In the Interest of I.L.,et al., Children Appeal from 73rd Judicial District Court of Bexar County (dissenting opinion)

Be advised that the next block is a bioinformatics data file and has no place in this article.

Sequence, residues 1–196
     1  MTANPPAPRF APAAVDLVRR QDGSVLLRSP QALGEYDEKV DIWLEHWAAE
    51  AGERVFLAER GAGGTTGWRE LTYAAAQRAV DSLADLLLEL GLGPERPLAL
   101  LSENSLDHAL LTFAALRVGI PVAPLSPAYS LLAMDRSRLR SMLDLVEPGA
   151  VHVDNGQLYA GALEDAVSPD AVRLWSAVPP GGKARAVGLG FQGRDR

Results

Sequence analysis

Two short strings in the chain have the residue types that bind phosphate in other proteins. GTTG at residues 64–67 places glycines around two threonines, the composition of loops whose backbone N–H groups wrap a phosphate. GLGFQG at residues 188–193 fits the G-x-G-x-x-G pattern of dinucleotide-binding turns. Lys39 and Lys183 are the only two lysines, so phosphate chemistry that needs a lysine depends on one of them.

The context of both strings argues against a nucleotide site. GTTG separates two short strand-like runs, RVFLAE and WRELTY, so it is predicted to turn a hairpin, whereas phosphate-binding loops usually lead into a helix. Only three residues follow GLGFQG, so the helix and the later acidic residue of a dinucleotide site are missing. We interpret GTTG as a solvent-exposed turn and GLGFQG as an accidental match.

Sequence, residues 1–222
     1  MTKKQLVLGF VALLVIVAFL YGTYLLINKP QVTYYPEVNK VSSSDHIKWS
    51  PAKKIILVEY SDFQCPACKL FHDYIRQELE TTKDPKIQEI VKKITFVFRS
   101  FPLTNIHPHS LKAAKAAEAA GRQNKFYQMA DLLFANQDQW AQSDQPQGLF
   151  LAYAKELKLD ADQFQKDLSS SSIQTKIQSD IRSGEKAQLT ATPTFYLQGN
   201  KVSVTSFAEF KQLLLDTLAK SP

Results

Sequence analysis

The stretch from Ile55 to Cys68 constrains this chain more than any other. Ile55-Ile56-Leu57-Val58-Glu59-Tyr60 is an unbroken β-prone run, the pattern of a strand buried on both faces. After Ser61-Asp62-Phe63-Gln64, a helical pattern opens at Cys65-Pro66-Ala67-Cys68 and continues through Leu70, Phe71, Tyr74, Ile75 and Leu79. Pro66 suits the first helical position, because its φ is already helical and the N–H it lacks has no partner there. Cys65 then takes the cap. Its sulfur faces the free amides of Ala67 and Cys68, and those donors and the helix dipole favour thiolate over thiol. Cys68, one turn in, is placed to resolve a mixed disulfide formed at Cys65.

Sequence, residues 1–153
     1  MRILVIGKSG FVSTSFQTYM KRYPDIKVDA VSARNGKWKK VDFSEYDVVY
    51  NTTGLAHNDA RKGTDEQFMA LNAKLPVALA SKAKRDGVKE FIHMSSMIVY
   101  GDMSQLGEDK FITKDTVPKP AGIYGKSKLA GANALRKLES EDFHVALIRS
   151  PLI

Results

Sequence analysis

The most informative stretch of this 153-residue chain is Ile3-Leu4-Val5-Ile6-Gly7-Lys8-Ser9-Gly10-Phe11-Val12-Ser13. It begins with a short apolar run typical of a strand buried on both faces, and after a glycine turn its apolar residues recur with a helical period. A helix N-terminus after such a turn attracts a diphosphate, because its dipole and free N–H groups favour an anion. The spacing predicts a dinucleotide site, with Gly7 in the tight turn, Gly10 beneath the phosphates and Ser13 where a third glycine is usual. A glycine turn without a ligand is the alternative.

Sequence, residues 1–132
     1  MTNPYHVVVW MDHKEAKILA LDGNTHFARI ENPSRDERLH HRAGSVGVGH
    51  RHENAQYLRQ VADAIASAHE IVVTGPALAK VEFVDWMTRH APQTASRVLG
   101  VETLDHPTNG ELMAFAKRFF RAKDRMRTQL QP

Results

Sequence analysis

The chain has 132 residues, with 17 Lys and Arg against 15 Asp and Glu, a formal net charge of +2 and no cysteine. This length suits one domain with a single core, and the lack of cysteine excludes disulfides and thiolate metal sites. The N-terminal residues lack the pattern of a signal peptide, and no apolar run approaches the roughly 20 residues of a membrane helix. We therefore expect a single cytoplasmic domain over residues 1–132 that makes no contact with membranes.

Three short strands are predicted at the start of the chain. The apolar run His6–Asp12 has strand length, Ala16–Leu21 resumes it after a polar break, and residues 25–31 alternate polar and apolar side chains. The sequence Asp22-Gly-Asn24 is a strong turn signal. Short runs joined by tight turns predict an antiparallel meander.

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Fourth Court of Appeals San Antonio, Texas DISSENTING OPINION No. 04-18-00742-CV IN THE INTEREST OF I.L., C.C., and R.C., Children From the 73rd Judicial District Court, Bexar County, Texas Trial Court No. 2017-PA-01935 Honorable Linda A. Rodriguez, Judge Presiding Opinion by: Luz Elena D. Chapa, Justice Dissenting Opinion by: Sandee Bryan Marion, Chief Justice Sitting: Sandee Bryan Marion, Chief Justice Rebeca C. Martinez, Justice Luz Elena D. Chapa, Justice Delivered and Filed: April 10, 2019 Assuming a parent is entitled to effective assistance of appointed counsel when the Department no longer seeks termination of the parent’s parental rights, Ana has not demonstrated trial counsel’s performance in this case fell below an objective standard of reasonableness. Nor has Ana shown prejudice under the circumstances. Therefore, I respectfully dissent. I agree with the majority that trial counsel’s appearance by telephone, although not ideal, did not fall below an objective standard of reasonableness. I disagree, however, that trial counsel’s failure to ensure the final order conformed with the trial court’s oral ruling “was so outrageous that no competent attorney would have” allowed it to occur. Nothing precluded the trial court from reconsidering its ruling between trial and entry of the final order of termination. 1 Certainly, trial Indeed, “[c]ommon experience shows trial judges often change their oral rulings.” Elliott v. Lewis, No. 05-91-01216CV, 1994 WL 709333, at *8 (Tex. App.—Dallas Dec. 16, 1994, no writ) (mem. op.). 1 Dissenting Opinion 04-18-00742-CV counsel had no authority to prevent the trial court from exercising its prerogative to change its mind and cannot be ineffective for failing to do so. The majority, however, implicitly assumes the trial court did not intend to reconsider its ruling and, based on this assumption, concludes no competent attorney would have failed to file a post-judgment motion to address the discrepancy between the oral ruling and the final order. I do not believe the silent record before us supports the implicit assumption that the trial court did not intend to reconsider its ruling. Also, Ana does not argue, much less mention, in her brief the failure to file a post-judgment motion as a basis for the ineffective assistance of counsel claim. Even if Ana had raised this argument, as the majority contends, there is a rebuttable presumption that counsel considered and rejected filing a motion for new trial. See Oldham v. State, 977 S.W.2d 354, 363 (Tex. Crim. App. 1998) (en banc). On this silent record, Ana has not rebutted that presumption. Therefore, based on the record before us, I respectfully disagree with the majority that trial counsel’s conduct fell below an objective standard of reasonableness. See Walker v. Tex. Dep’t of Family & Protective Servs., 312 S.W.3d 608, 623 (Tex. App.—Houston [1st Dist.] 2009, pet. denied) (“We may not speculate to find trial counsel ineffective when the record is silent regarding counsel’s reasons for his actions.”). Even assuming, however, trial counsel’s performance was deficient, I would hold Ana has not shown she was deprived of a “fair trial” or that “there is a reasonable probability that, but for counsel’s unprofessional error(s), the result of the proceeding would have been different.” See In re M.S., 115 S.W.3d 534, 545, 550 (Tex. 2003). The trial court orally pronounced Ana would be appointed as a possessory conservator but would have no access to the children until further order of the court. Although Ana was not named a possessory conservator in the final order, she remains a parent of the children. As a parent, regardless of whether she is a possessory conservator, she retains standing to file a suit for modification to seek access if the circumstances materially and -2- Dissenting Opinion 04-18-00742-CV substantially change. See TEX. FAM. CODE ANN. § 156.002(a). Indeed, the trial court expressly encouraged Ana to do so “if [she] can do everything that [she] need[s] to do” with respect to drug treatment. Whether named a possessory conservator or not, Ana was not allowed access to the children without taking further action before the court. Therefore, I would hold Ana has not demonstrated prejudice. For these reasons, I would overrule Ana’s sole issue on appeal and affirm the trial court’s judgment. Sandee Bryan Marion, Chief Justice -3-